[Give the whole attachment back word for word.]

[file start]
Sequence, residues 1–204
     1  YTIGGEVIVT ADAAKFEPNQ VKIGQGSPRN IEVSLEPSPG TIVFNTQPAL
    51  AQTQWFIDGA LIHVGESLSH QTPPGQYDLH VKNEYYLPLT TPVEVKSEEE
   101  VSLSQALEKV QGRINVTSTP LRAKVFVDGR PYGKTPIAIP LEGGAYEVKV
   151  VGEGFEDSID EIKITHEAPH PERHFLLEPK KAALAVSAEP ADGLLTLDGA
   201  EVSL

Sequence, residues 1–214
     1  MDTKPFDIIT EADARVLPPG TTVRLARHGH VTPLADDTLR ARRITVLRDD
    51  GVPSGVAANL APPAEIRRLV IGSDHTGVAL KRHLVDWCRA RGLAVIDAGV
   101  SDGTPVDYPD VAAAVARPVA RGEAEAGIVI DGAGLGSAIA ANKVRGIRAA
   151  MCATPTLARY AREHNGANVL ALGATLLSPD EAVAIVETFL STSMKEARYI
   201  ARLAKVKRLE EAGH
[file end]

Sequence, residues 1–204
     1  YTIGGEVIVT ADAAKFEPNQ VKIGQGSPRN IEVSLEPSPG TIVFNTQPAL
    51  AQTQWFIDGA LIHVGESLSH QTPPGQYDLH VKNEYYLPLT TPVEVKSEEE
   101  VSLSQALEKV QGRINVTSTP LRAKVFVDGR PYGKTPIAIP LEGGAYEVKV
   151  VGEGFEDSID EIKITHEAPH PERHFLLEPK KAALAVSAEP ADGLLTLDGA
   201  EVSL

Sequence, residues 1–214
     1  MDTKPFDIIT EADARVLPPG TTVRLARHGH VTPLADDTLR ARRITVLRDD
    51  GVPSGVAANL APPAEIRRLV IGSDHTGVAL KRHLVDWCRA RGLAVIDAGV
   101  SDGTPVDYPD VAAAVARPVA RGEAEAGIVI DGAGLGSAIA ANKVRGIRAA
   151  MCATPTLARY AREHNGANVL ALGATLLSPD EAVAIVETFL STSMKEARYI
   201  ARLAKVKRLE EAGH